By an “a priori hierarchy of values”, what Peterson means is a pre-established sense that objectively, some things are better than others, by extension that some things are good and some are bad, that some things are worth pursuing and others are not, etc. Thus we can know the fact that throwing a stone at someone’s head will cause them pain, but we cannot establish through science that doing such a thing is right or wrong because science doesn’t make moral value judgements. Similarly, science demonstrates that we can create nuclear bombs, but does not inform us as to whether we should or should not drop them on populations.
One may claim, as Harris does, the fact that we naturally feel that it is wrong to do something is sufficient, but one could easily cast doubt on the authority of this judgement by pointing out that not everyone feels this way. According to his analysis, the idea that a majority of people feel something doesn’t make it objectively right. Furthermore, we may have been socialized into believing it is wrong to cause unprovoked harm to others by our society and our parents, and thus our sense of morality would be a mere cultural dogma. However, Peterson and Harris both agree that there is an objective morality, and therefore Harris would need to provide more stable evidence for the objective validity of these moral intuitions.
The majority of the debate was spent with these two concerns raised; Harris critiqued Peterson for downplaying the negative consequences of religion, and Peterson probed Harris for his perceived lack of foundation to establish values and morality in the world. Brett Weinstein moderated the conversation well, asking questions to each speaker throughout to address shortcomings in their arguments. He also asked them both to steel man each other’s argument at the beginning of the second night of the debate; essentially, to put the other’s argument into their own words and make it as strong as possible. This was an ingenious idea, as it served as a good recap from the first night and introduction to the second night, and warded off the potential for either Peterson or Harris to straw man their opponent and misrepresent each other’s position unintentionally for the remainder of the debate.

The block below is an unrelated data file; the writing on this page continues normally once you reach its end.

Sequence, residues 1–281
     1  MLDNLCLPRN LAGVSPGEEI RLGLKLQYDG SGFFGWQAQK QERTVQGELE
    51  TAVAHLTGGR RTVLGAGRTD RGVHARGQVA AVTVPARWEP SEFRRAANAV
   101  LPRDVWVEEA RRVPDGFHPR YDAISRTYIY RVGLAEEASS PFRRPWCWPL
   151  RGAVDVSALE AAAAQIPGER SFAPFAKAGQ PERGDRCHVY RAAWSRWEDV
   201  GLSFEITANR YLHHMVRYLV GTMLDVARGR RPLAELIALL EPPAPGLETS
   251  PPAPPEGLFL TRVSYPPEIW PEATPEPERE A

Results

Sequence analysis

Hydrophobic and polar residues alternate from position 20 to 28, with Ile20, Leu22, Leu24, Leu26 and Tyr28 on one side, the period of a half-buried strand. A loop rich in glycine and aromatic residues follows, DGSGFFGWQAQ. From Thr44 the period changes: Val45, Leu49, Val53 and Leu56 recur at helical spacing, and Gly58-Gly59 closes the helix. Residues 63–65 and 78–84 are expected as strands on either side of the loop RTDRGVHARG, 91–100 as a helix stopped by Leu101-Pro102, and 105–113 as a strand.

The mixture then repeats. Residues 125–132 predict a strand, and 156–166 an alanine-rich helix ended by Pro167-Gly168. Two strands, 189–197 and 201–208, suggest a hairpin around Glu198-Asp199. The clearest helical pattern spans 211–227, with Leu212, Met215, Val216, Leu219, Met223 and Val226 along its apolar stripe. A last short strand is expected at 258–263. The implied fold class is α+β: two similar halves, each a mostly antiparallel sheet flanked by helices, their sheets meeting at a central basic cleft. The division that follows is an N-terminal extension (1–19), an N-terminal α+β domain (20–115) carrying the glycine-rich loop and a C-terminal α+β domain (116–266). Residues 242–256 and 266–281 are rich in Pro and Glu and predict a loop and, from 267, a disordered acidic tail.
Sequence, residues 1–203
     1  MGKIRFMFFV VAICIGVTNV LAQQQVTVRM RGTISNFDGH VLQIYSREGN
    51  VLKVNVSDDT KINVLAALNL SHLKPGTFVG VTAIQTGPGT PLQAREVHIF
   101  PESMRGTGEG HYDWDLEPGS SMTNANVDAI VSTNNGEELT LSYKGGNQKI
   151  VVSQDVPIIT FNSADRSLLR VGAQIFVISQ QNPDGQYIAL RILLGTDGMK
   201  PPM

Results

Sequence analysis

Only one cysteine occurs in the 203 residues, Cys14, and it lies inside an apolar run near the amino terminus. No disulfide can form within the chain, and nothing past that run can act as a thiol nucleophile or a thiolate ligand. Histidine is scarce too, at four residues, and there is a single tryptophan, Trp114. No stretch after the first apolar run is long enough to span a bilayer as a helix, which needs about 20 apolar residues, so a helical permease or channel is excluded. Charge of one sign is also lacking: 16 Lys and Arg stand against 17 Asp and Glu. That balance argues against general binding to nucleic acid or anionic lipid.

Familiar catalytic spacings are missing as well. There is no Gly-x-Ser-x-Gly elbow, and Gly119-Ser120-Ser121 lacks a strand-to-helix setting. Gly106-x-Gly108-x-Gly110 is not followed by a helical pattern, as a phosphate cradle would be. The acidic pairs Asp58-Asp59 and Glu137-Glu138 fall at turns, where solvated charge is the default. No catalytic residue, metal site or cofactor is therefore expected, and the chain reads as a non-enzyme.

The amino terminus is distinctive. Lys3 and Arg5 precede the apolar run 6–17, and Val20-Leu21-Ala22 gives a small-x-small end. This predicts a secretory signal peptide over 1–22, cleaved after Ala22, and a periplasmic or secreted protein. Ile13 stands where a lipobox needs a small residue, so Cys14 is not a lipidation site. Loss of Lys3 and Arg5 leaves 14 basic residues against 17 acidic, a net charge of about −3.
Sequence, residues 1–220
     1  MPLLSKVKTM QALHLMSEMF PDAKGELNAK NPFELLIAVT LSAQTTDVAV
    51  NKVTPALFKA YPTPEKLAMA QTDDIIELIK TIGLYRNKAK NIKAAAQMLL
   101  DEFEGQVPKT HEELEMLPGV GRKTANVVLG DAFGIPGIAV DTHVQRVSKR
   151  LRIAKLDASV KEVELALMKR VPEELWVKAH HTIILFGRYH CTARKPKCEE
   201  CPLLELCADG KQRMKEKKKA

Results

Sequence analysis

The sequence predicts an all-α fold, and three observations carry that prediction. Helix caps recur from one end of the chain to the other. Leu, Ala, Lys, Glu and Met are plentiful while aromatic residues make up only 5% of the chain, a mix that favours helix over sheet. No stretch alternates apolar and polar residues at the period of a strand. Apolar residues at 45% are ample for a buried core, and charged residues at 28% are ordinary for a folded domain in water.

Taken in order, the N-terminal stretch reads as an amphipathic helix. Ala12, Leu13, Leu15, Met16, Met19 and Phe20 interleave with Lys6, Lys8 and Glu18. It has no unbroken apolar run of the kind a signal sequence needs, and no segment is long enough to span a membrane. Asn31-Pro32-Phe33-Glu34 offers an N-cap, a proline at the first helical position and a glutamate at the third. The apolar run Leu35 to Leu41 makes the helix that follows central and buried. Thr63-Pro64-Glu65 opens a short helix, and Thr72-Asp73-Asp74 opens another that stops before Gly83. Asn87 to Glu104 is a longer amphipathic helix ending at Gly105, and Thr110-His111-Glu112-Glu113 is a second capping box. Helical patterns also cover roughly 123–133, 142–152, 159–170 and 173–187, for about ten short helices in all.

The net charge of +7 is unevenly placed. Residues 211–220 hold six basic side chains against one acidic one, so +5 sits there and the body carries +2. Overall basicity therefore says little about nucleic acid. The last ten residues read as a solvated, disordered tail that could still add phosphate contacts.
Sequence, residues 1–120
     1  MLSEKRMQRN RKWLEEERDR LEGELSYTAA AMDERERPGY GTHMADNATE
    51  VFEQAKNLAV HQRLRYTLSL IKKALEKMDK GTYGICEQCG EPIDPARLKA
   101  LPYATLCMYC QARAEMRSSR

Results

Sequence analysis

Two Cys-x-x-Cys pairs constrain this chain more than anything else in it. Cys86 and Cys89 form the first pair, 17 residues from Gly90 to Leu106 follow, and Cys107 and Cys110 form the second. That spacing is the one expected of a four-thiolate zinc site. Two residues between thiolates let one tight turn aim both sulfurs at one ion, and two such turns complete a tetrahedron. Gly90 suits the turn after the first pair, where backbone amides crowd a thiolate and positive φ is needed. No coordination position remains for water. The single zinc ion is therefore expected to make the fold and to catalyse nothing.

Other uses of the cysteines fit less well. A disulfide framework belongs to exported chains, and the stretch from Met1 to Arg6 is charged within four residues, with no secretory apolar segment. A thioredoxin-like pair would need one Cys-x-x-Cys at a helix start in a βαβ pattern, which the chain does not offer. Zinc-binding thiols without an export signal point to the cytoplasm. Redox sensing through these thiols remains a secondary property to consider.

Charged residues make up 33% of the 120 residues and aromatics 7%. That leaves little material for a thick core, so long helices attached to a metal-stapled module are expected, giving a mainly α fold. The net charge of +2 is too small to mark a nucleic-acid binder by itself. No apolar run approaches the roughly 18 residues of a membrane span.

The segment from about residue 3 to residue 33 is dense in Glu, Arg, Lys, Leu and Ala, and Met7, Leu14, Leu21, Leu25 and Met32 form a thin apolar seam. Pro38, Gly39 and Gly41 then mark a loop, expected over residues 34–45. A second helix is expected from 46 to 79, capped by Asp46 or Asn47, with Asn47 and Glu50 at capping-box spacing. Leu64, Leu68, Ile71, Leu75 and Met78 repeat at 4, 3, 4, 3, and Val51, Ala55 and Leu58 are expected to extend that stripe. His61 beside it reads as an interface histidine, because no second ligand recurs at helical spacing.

Most interesting of all, however, was the audience’s undying and passionate attentiveness to such a profound and intellectual clash of ideas. A period at the end of each night was reserved for questions from the audience, and on both nights when that period came, Weinstein asked whether the audience wanted to ask questions or whether they wanted to let the two speakers continue. The overwhelming majority of the audience wanted the speakers to continue, forfeiting their opportunity to ask questions for the chance to hear these two bright men speak even longer.
This, combined with the hundreds of thousands of views the Youtube videos of the debate received within the span of a mere few days, demonstrates that there is a monumental wave of people who are committed to understanding complex philosophical problems that go to the root of Being itself. These aren’t “Jordan Peterson destroys smug atheist” or “Sam Harris schools crazy religious nut” videos: they’re two hour long in-depth discussions between two highly respected and intelligent thinkers.
People are not watching these videos to have their own biases confirmed, they’re challenging their own notions of religion, morality, and philosophy by exposing themselves to some of the best counter-arguments to their own positions, or further strengthening both sides of the argument if they themselves are undecided. Many of them are willing to patiently sit through long format discussions to learn new things.
More than anything, this debate demonstrated that there is an enormous congregation of people around the world faithfully devoted to the discovery of truth. They are willing to have their own assumptions die in the process, they are willing to sacrifice their own inclination to speak in order to listen–as the audience did during both nights of the debate–and they are willing to devote large segments of time to patiently learn.
Most broadcasting outlets would have us believe that their media must be kept short, simple, and catchy in order to sustain the viewer’s fleeting and shallow attention. While this may be true for some, the popularity of Jordan Peterson, Sam Harris, and other such intellectuals on YouTube has colossally shifted the cognitive and conceptual reputation of the larger internet audience.
In the words of Professor Peterson himself, when asked about this on Joe Rogan’s show, “It turns out everyone is way smarter than we thought.”